This was the first time we were seeing him in his element, introducing us to friends and faculty, casually joking with his professors, exchanging puzzling shoptalk with his friends and laughing over phrases that may as well have been uttered in Klingon for all we could understand. This was the first time our relationship as child/parent was shaken to its core.

I don't think we were the only ones. I watched the other parents being ushered around by their children -- all of us with this slightly unbalanced expression. This was a shift we couldn't quite comprehend. We knew we should feel nothing but pride in the independent spirit of our offspring. But we were treading on new ground and didn't know quite what to do or say and not sound like superfluous old farts. If it's one thing we Baby Boomers avoid, it's sounding like superfluous old farts.
My chosen footwear

At the actual graduation ceremony I realized we (the parents) were all dealing with our new roles in different ways. Some of us were not going down without a fight -- mothers tottering on way-too-high heels with way-too-much makeup posing with their vibrant, youthful, lovely daughters; fathers organizing photo sessions like Patton commanding the troops while their bemused sons stole knowing smiles with each other. Some fit comfortably in their role, perhaps because the shift had already happened for them long ago.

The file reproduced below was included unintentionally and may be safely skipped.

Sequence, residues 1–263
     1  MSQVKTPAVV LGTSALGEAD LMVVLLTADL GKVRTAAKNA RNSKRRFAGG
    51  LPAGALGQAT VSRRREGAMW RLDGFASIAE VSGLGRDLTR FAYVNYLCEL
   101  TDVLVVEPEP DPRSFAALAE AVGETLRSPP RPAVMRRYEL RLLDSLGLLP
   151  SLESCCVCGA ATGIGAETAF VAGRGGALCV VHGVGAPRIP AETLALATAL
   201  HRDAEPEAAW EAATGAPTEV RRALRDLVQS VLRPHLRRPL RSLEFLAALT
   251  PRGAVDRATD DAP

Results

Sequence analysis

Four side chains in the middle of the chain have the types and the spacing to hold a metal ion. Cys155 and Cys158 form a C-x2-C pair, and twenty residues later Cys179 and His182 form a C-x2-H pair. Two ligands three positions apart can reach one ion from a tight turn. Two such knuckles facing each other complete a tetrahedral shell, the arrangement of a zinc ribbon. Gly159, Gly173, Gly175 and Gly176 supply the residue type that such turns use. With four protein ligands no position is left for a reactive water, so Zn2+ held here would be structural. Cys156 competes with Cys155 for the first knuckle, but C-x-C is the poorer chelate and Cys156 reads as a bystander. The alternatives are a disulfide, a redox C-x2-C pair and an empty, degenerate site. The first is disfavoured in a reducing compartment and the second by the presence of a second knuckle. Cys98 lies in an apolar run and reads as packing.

Most of us, though, were still a little bewildered about the strange, unexpected sadness that was lurking just behind the joy and pride that were the order of the day. The world was no longer ours to command. It was theirs. We were being subtly, gently, politely asked to bow out as gracefully as possible. We love you...we appreciate all you've done...but could you step aside and make room for us?

Joe and Caisee
On a personal level, though, that's not was brought me to tears as Dirtman and I crossed over from Virginia into West Virginia and home. My Joe...was no longer preparing for his future; he was in his future...creating his future. He has a wonderful, supportive, caring soulmate who is all a mother could want to partner with her child. I could be no help to him now. I might provide a brief respite from the creative process, but there is nothing at all tying him to me except a love unadulterated by need or pity. And I am just egotistical enough for that to scare me.

And so the tears; the totally selfish, nonsensical, but necessary tears. And, when I'd had a good cry, it was over.

Well...had a good cry and thought of this: Four years ago I delivered to Roanoke College an employed, debt-free human being with an A+ average; four years later they gave me back an
unemployed human being with a B+ average and a school loan.

...And so it goes...